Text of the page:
Politicians have fantasies. Not Woody Allen “normal” fantasies about Swedish stewardesses.
No. Politicians fantasize about being able to raise taxes on people who cannot vote against them in future elections. Ancient Rome funded itself by looting the provinces. This worked for a while. Well, it worked for Roman citizens anyway.
Here in the good old USA politicians think they have finally found this Holy Grail, this alchemist’s secret… how to tax those who cannot defend themselves.
This wonder-tax is the Internet sales tax.
Today cities and state governments can only tax people who work and live in their jurisdictions. They have income taxes. Property taxes. Sales taxes… even “use” taxes. And abusive levels of taxation tend to lead to bad things like losing elections or becoming Detroit. If only New York City and California could figure out a way to tax businesses in other states they could avoid annoying voter blow-back.
Politicians in failed states — the ones people and businesses leave — hope to change federal law to allow New York to levy taxes on businesses in other states that sell things over the Internet to New Yorkers. If you live in New York City now and you buy books in a bookstore there you pay a sales tax to the city and state. If you buy over the Internet from a business with no “nexus” — no physical presence in New York — that store is not legally required to collect sales taxes from you. That business of course doesn’t “benefit” from New York’s “government services”… it lives in Utah or Kansas where it pays local and state taxes. There is no “unfair competition” because that “out of state” store has to pay shipping costs for your book that — for normally priced books — is more than the sales tax. (And any state worried that its high sales taxes disadvantage its citizens might consider reducing those taxes.)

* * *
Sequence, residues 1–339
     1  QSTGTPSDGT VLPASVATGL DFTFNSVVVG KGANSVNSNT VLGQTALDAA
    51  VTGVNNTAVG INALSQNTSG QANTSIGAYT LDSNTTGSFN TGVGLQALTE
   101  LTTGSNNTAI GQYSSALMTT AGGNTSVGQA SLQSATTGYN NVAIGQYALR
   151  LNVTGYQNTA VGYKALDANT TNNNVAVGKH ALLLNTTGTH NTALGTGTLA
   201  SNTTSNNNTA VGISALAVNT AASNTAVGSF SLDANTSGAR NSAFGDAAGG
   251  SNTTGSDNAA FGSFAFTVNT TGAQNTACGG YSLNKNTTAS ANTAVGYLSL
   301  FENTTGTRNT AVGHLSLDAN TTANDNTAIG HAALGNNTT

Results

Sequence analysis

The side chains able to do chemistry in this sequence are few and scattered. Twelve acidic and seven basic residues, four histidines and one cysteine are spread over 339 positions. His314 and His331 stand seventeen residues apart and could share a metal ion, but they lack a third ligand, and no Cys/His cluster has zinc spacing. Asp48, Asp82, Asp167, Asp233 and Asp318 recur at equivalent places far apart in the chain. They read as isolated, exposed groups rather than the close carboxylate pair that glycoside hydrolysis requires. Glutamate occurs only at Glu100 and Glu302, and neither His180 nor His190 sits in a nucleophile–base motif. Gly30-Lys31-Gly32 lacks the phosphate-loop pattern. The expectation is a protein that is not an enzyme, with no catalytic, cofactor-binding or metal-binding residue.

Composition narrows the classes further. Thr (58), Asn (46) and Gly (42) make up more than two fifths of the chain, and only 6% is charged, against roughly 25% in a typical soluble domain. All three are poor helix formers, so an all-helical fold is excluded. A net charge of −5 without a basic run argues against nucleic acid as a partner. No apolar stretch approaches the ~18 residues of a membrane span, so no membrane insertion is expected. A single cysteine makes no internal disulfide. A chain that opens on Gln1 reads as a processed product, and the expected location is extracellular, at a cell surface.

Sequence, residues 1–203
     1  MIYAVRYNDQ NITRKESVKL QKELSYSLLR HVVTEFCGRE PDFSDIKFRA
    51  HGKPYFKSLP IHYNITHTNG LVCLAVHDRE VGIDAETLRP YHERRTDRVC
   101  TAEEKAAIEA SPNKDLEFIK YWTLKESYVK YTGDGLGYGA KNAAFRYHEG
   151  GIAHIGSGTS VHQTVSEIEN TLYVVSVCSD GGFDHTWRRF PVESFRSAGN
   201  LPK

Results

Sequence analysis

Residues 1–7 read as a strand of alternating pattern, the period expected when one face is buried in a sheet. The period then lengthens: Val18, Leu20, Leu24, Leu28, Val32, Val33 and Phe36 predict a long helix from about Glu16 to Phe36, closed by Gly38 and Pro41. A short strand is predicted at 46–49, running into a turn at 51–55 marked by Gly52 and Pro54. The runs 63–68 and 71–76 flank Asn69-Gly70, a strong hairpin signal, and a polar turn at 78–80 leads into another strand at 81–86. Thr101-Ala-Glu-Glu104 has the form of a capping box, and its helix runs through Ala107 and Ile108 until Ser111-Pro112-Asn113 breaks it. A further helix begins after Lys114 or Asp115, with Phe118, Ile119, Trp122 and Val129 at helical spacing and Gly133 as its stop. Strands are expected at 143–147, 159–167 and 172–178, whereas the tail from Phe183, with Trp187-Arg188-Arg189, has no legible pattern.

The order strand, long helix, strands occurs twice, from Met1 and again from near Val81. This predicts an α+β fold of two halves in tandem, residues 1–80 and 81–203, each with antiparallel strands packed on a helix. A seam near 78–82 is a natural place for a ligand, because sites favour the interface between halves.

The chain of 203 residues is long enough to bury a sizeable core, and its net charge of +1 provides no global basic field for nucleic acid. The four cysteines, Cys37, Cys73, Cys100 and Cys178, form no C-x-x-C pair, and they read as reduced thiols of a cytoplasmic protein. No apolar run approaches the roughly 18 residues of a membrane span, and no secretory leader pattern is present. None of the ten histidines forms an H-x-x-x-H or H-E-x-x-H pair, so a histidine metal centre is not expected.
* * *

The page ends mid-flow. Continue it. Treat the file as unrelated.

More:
But where you see the convenience of shopping at the time of your own choosing — not when the local store chooses to be open — politicians see an opportunity to raise taxes on the business you buy from. And workers in businesses in Kansas or Utah cannot vote against the New York legislature or New York City council that raises the sales tax.
The government workers unions are finding it increasingly difficult to get states to raise taxes on people to fund the lavish pensions, benefits and pay scales that dwarf what average Americans earn in the real economy. They hope they can talk city and state politicians into taxing “the other.” People in other states. Safe for the politicians.
Until now, the U.S. Supreme Court has stopped this drive. The court ruled that it would be burdensome on businesses in one city to pay the sales taxes for hundreds and thousands of state and local jurisdictions. The federal legislation hopes to get around this court ban by “reducing” some of the burdens.
The “Marketplace Fairness Act” would allow a city and/or state to collect taxes from businesses and individuals selling over the Internet into their city or state.
This law would open a Pandora’s Box of problems. It kills the “nexus” requirement. Sales taxes could be imposed across state lines.
The Internet has thrived ever since ‘Al Gore invented it’ and it has thrived because the government at the federal, state, and local level has largely left it alone. The feds have belatedly and only temporarily banned discriminatory taxes on the Internet. That ban should be made permanent.
This latest assault on Internet commerce is wrong for many reasons. It will undermine healthy tax competition — pressure to keep taxes low in your state. It creates real privacy concerns. And it is only the first step in allowing politicians in another state to tax you in yours.
The next targets are the individual and corporate income taxes. If the politicians kill the requirement that taxable activity and the taxpayer must be in their state — they will be able to reach out from their own failing finances to everyone else.
No Taxation Without Representation was not just a good slogan. It is good policy.
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Grover Norquist is the President of Americans for Tax Reform. This article first appeared at the Huffington Post.